Octavio Paz has said, “It suffices for a chained man to close his eyes for him to have the power to make the world explode,” and I, paraphrasing him, add, it would suffice for the white eyelid of the screen to reflect the light proper to it to blow up the universe. But for the moment we can sleep in peace, since the light of cinema is being conveniently meted out and enchained. […] The cinema is a marvelous and dangerous weapon if a free spirit wields it. It’s the finest instrument there is for expressing the world of dreams, of the emotions, of instinct.
–Luis Buñuel, “The Cinema, Instrument of Poetry”
These words were written during Buñuel’s Mexican period, the time in his life when he was making commercial films in his adopted home, under producers who didn’t always let him indulge his oneiric impulses. Despite his frustrations, he directed some gems during his time in Mexico, more than I expected. But then I, like so many, was weaned on studio pablum and can still derive pleasure from the most conventional product. On the other hand, I’ve also been fascinated by Un Chien Andalou for close to a decade now, and I was eager to discover more of the same. So I found the director’s work in the 1950s (mostly standard genre fare, sometimes encumbered by attention-grabbing music) just about as rewarding as his more famous 1970s films (experimental satiric dreamscapes, completely without musical scores). His 1960s output, oddly enough, was ever-so-slightly disappointing, too caught up in delivering a message or a moral to be truly radical but uninterested in telling traditional stories either.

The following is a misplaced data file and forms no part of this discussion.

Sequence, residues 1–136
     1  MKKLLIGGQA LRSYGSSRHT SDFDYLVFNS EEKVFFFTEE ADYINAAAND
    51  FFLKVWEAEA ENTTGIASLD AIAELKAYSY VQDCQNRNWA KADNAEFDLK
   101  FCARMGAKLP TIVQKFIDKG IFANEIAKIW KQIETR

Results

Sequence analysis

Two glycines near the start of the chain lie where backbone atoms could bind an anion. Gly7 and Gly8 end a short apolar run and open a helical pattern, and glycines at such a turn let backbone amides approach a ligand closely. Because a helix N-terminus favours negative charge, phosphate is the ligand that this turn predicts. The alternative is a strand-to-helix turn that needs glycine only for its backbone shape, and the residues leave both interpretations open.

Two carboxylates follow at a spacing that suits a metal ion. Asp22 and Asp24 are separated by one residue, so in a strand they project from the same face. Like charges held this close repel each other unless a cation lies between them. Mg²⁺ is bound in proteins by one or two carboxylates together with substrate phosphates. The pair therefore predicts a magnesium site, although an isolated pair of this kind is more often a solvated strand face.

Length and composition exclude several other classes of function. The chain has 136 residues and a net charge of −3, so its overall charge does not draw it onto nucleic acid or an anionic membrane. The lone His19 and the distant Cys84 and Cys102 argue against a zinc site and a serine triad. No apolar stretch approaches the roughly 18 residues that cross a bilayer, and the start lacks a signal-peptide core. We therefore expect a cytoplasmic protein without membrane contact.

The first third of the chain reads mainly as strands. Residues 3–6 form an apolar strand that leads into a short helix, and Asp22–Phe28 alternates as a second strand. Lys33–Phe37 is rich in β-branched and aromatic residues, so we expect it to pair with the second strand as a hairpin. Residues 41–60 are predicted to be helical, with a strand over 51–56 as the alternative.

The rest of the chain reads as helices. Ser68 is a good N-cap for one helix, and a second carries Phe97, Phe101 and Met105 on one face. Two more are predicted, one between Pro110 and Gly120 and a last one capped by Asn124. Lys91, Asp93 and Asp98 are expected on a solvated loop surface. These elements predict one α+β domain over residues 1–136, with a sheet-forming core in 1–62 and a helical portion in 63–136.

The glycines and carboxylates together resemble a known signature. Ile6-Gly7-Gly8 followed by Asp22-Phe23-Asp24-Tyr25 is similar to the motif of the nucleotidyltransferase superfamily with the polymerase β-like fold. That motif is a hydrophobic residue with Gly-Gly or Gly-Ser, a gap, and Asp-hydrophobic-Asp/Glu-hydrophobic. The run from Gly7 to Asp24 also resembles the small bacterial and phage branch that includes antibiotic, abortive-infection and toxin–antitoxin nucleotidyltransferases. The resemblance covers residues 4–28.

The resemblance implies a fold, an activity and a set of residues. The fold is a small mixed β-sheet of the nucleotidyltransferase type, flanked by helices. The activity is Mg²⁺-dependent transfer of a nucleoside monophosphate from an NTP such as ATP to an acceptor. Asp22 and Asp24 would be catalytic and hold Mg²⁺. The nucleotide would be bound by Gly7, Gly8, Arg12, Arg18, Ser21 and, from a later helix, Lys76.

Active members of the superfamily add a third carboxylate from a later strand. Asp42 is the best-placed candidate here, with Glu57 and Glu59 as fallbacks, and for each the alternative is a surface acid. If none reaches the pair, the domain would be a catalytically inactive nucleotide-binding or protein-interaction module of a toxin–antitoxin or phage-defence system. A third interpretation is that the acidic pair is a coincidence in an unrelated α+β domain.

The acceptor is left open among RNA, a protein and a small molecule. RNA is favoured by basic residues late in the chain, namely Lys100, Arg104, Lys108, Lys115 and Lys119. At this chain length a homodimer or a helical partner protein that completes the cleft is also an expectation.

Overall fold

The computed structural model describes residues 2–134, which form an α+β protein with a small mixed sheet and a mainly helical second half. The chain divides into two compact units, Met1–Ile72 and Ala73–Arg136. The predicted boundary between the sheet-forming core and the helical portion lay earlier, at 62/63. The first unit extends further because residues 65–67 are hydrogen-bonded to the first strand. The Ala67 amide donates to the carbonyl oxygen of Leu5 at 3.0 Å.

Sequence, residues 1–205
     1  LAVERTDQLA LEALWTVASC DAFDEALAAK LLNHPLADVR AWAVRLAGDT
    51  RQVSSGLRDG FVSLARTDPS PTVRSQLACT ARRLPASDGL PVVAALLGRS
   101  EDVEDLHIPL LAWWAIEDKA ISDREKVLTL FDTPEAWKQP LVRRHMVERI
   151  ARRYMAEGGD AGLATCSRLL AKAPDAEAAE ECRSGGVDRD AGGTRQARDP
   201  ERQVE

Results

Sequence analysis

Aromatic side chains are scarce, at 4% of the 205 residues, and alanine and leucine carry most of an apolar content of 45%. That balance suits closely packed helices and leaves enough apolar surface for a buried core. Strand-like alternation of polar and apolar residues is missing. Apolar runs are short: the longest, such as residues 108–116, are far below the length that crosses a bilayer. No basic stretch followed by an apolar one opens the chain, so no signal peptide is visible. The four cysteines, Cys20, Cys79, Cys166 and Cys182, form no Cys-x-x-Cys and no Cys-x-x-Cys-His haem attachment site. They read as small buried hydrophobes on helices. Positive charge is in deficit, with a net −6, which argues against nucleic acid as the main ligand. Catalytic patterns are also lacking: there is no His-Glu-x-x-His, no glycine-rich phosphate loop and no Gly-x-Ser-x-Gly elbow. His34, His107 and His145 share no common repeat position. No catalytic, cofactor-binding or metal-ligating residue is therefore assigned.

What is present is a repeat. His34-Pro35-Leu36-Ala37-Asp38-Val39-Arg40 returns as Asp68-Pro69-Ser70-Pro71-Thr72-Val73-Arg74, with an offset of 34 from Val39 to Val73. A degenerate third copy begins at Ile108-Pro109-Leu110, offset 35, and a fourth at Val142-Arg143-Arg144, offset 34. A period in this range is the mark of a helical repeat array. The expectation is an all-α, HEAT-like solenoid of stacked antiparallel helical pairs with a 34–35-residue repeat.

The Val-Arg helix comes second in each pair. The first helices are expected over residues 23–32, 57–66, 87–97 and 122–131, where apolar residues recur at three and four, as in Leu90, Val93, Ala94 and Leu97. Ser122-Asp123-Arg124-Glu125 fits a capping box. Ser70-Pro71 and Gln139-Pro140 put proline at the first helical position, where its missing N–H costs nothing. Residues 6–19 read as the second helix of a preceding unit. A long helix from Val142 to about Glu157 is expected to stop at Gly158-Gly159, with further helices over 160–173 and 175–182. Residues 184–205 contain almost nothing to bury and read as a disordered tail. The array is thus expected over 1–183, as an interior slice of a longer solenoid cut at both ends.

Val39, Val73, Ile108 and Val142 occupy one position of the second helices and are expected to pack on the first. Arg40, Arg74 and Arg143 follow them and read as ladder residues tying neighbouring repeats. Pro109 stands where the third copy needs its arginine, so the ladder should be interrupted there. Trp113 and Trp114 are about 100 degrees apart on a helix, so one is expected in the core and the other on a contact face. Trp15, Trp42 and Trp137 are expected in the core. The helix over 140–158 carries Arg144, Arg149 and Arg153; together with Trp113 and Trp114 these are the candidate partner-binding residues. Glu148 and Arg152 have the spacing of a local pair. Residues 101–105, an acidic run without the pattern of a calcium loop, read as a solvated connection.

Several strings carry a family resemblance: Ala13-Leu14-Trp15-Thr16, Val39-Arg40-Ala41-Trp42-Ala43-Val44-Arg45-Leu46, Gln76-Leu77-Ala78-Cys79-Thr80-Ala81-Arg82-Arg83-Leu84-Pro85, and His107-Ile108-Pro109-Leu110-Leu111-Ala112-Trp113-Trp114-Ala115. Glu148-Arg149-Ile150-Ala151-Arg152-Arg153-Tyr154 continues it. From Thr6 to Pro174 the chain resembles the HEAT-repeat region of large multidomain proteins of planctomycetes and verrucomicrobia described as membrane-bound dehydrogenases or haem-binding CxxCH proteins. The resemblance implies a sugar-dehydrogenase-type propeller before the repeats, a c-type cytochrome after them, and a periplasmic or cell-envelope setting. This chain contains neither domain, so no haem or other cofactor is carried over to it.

Buñuel’s filmography houses a wealth of psychological insights and a slowly refined philosophy of life. The director stays attuned to the wild subconscious mind with its primitive drives. Animal and insect life is always juxtaposed with humans’ purportedly more civilized actions. Legs, feet and shoes are constant fetish objects in stories where men of all ages keep finding their desires rebuffed and unfulfilled. In a world of repression, the taboo is subversively investigated, from incest to necrophilia. The bourgeoisie, in all its hypocritical refinement, is savaged time and again. Born into a wealthy family and raised as a devout Catholic, Buñuel sought with his first films to shock the established order into reform, or revolution. His last films harbor no such pipe dreams. What the mature Buñuel bequeathed to the world was a series of wondrous, funny, frightening movies that offer as little comfort to the revolutionary as they do safety to the reactionary.
10. Mexican Bus Ride (1952)
A simple narrative skeleton allows Buñuel to pad this 74-minute feature with one bizarre delay and detour after another. Newlywed Oliverio (Esteban Márquez) is sent by his dying mother to find a lawyer who can make some last-minute changes to her will. Along the way, he has to contend with the persistent temptress Raquel (Lilia Prado) and a busload of people with their own needs. The director gets the dream imagery just right here.
9. The Young One (1960)
The second of two films the director made in English, The Young One is an outsider’s view of the American South, an untamed and often vicious place. A black man fleeing a phony rape charge finds himself on private property. His host is a prejudiced beekeeper with an unhealthy attraction to his dead partner’s granddaughter. What follows is a suspenseful negotiation of competing desires, with carefully observed performances and atmosphere.
8. The Criminal Life of Archibaldo de la Cruz (1955)
This was the most effective satire Buñuel was able to make in Mexico, a story of a wannabe serial killer who can never seem to do the deed because fate keeps stepping in to kill his victims first. A playful excoriation of man’s weakness and sexual shortcomings, the film boasts a delightfully odd organ-heavy score by Jorge Pérez Herrera and some truly weird stuff involving a mannequin.